We cat owners know that there's no surefire way to know whether our finicky furballs are going to take to a new toy, or eschew it in favor of the box it came in. Which leads me to one of the reasons I was drawn to the Peek-A-Prize Toy Box: not only does it come equipped with two multi-colored foam balls, but you can use it with toys that are already tried, tested, and beloved. The concept is simple. Peek-A-Prize is a swiss cheese-esque box that challenges cats to liberate objects from within its hole-y walls.
I live in a three-cat household. Two out of the three, Riley (8) and Molly (7), expressed interest in Peek-A-Prize from the moment I set it down. However, Murphy (9) our eldest and a card-carrying member of the "meh, just give me a cardboard box" club, was uninterested. (To be fair, though, we suspected Murph to have been feeling a little under the weather that day. Poor guy.) I decided to initially present the Peek-A-Prize to my cats as is—out of the box with no additional toys, catnip, nor treats. It was slow going at first. I had to roll the little balls around to create some movement to catch their eyes, which worked. However, once they got going, it proved very easy for them to bat the balls right out of the box—which had me constantly on the floor, reaching for balls under tables, chairs, and the sofa. To see if I could extend playtime, I introduced some furry toy mice (always winners!), a few treats, and a sprinkle of catnip into the mix. The cats reached in and pulled out the mice in no time (anything that can be easily snagged with claws will be out in seconds flat), but it took slightly longer for them to whack out and gobble up the small treats.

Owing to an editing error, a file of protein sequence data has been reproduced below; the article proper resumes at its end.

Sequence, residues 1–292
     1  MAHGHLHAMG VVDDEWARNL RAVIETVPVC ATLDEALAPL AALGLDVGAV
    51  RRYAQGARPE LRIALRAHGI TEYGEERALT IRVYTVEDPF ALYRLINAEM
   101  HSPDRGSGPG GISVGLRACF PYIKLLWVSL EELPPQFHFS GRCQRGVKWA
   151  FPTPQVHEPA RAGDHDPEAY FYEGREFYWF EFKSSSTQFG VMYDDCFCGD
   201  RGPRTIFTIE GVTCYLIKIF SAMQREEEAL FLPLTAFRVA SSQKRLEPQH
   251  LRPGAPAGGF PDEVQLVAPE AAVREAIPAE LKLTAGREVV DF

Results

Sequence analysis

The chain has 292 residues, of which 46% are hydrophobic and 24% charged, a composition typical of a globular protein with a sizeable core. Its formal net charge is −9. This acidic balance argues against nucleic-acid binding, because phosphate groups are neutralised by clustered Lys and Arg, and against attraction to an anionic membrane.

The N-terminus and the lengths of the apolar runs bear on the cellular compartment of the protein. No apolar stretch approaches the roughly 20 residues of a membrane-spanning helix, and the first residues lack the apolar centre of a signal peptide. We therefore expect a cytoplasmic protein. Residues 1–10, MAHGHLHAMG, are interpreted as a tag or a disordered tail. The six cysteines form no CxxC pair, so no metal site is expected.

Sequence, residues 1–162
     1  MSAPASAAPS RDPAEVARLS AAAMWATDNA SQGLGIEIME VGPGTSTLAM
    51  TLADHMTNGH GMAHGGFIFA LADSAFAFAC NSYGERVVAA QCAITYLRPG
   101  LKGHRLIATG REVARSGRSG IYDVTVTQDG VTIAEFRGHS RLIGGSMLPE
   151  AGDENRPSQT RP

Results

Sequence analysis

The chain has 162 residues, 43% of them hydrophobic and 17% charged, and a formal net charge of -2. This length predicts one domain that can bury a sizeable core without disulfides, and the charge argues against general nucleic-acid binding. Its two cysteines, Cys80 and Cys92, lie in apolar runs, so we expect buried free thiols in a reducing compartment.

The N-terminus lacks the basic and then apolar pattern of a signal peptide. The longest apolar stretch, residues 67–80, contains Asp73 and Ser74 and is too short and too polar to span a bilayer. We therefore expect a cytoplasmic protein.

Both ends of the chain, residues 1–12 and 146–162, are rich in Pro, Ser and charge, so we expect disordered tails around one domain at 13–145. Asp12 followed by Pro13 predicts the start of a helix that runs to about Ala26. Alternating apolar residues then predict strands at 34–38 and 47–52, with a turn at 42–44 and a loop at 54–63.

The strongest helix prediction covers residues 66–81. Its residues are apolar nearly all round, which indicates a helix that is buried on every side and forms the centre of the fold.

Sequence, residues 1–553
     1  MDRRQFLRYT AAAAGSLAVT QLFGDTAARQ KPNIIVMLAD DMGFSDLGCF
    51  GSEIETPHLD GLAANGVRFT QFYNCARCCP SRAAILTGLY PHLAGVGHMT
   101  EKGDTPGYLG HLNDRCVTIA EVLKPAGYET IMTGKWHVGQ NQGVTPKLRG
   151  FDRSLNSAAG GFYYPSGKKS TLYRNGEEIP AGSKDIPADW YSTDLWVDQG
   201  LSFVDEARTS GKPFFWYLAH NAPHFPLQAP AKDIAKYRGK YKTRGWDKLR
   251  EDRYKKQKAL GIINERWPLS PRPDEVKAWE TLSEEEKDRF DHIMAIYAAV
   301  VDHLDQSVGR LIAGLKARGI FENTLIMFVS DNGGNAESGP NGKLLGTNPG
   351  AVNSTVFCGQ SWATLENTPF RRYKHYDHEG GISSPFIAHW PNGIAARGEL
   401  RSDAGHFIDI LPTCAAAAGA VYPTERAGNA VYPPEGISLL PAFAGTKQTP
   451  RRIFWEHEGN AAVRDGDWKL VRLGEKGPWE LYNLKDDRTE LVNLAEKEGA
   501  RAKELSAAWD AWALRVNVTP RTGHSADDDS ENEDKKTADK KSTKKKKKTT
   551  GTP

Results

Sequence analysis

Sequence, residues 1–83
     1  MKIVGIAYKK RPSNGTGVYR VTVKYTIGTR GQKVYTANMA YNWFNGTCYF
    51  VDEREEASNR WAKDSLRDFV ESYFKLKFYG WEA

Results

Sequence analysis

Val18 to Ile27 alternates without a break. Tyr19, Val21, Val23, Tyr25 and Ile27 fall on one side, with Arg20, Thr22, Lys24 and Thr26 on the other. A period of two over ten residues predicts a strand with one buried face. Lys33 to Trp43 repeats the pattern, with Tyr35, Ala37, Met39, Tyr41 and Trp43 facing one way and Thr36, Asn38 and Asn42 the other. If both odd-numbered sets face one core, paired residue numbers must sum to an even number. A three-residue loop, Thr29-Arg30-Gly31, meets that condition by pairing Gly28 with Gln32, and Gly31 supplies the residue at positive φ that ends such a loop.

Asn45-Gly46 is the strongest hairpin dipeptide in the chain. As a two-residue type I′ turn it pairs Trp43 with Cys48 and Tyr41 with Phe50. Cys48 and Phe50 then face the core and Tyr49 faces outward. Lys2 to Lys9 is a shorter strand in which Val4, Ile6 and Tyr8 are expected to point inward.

The verdict? As an activity that will hold their prolonged interest (without requiring your involvement), it's ok—but I wish it presented more of a challenge to them. I imagine that younger felines still working on their paw-eye coordination would get more play time out of it than adult cats. In the end, though, I found the Peek-A-Prize Toy Box to be a great way to give your cats their toys and treats by posing the initial challenge of having to remove them from the box first. This, no doubt, is more stimulating (and perhaps rewarding?) for them than simply being handed goodies over on a silver platter. Also, as it's made of wood, it's not too shabby looking, so it won't be an eyesore if left out on the living room floor. That said, if your cats' favorite toys and treats fit inside the Peek-A-Prize, you should find this attractive, sturdy, and reasonably-priced toy box a worthwhile buy.